Lily: Don’t be jealous dear.

Walter: I’m just pulling your leg. I’ll take you to see it when I got some money. Gave most of me National winnings to Ma.

To find out more about the arrival of the first colour film go to http://www.filmsite.org/1914-filmhistory.html

7th April 1914

Walter: Ma always manages to make wonderful meals from the Sunday leftovers. For lunch today: pig’s fry with rice pudding for afters. What I’d give not to have to go back to work this afternoon… Mary Carter, tell Annie to be a good little sister and save me some bread and dripping! Need my energy for training tonight.

To find out about the food of the time visit http://www.1900s.org.uk/1900s-everyday-meals.htm


4th April 1914

Walter: Well we have had a time of it - I never seen so many people. I was worried about taking Lily on a protest but it was alright, quite peaceful, and we all enjoyed ourselves despite the wet weather. #ballotsnotbullets

Charles: Good show Walt! Good to hear everyone’s on our side. Proud of you - maybe one day you’ll make a real soldier like your big brother…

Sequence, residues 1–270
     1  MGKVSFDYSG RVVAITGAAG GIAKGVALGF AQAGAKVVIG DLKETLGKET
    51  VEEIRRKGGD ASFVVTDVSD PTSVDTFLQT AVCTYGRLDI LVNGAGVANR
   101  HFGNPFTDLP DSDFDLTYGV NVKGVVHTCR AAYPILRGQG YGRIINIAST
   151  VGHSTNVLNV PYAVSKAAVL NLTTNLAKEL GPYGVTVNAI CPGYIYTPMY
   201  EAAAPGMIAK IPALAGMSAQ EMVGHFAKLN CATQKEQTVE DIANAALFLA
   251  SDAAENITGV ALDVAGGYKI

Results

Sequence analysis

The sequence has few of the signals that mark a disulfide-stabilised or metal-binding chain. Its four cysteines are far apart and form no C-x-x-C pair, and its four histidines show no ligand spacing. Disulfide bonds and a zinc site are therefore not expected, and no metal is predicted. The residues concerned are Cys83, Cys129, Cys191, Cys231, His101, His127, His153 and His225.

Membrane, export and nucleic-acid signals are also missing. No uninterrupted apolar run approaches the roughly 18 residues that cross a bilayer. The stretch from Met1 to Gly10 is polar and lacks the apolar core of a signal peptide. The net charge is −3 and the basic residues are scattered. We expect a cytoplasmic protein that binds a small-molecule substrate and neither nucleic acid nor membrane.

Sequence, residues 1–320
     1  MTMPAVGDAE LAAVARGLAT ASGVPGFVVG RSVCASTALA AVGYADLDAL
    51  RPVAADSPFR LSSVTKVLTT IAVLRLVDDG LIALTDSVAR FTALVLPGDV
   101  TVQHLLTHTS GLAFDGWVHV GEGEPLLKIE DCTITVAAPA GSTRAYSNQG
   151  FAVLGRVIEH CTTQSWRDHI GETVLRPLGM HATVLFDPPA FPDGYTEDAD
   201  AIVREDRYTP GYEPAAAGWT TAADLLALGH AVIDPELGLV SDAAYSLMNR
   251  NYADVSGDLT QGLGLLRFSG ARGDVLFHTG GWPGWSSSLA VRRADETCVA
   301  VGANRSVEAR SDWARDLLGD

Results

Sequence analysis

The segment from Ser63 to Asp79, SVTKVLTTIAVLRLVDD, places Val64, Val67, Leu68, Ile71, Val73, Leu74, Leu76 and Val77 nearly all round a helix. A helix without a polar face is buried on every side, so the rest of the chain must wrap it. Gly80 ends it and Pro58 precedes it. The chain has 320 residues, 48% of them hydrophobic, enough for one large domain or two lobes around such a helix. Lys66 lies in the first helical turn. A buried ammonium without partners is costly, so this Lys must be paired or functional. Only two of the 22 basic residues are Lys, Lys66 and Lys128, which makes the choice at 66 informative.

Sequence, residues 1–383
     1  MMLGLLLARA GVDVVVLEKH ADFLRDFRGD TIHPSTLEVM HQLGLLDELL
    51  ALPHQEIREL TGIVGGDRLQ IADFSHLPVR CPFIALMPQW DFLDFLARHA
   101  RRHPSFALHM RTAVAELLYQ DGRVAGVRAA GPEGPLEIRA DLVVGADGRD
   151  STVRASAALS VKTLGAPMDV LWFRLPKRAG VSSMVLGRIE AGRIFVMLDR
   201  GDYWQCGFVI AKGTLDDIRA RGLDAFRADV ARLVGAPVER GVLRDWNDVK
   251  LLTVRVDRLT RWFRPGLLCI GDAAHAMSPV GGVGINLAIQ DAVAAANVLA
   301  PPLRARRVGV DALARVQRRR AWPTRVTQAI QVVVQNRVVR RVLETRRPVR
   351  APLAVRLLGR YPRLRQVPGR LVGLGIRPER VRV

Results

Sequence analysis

Walter: You are a rum chap, just the other week we was doing field craft – if any war does come we’ll be as ready as you are.

3rd April 1914

Walter: Just spotted the new London ‘Wonderground’ map at Waterloo. Fred and I were having such a laugh at it that we nearly missed our train. Helps to take your mind off the overcrowding and cancellations anyway. Look out for our own Battersea Park at the bottom… and the boy getting eaten at London Zoo…

Fred: Glad they got the cricket victory in… and the French pilot, “Have I looped yet?” Ha! Poor giraffe though.

Rose: Funny to see Kennington Park Road on there – I cycle past the Oval every day on my way to the Infirmary.


To see the wonderground map close up visit http://www.bbc.co.uk/news/magazine-25551751


Website Designed and Built by B&M Design & Advertising

Now available as a Paperback and on Kindle
Walter Carter
WW1 Soldier's Tale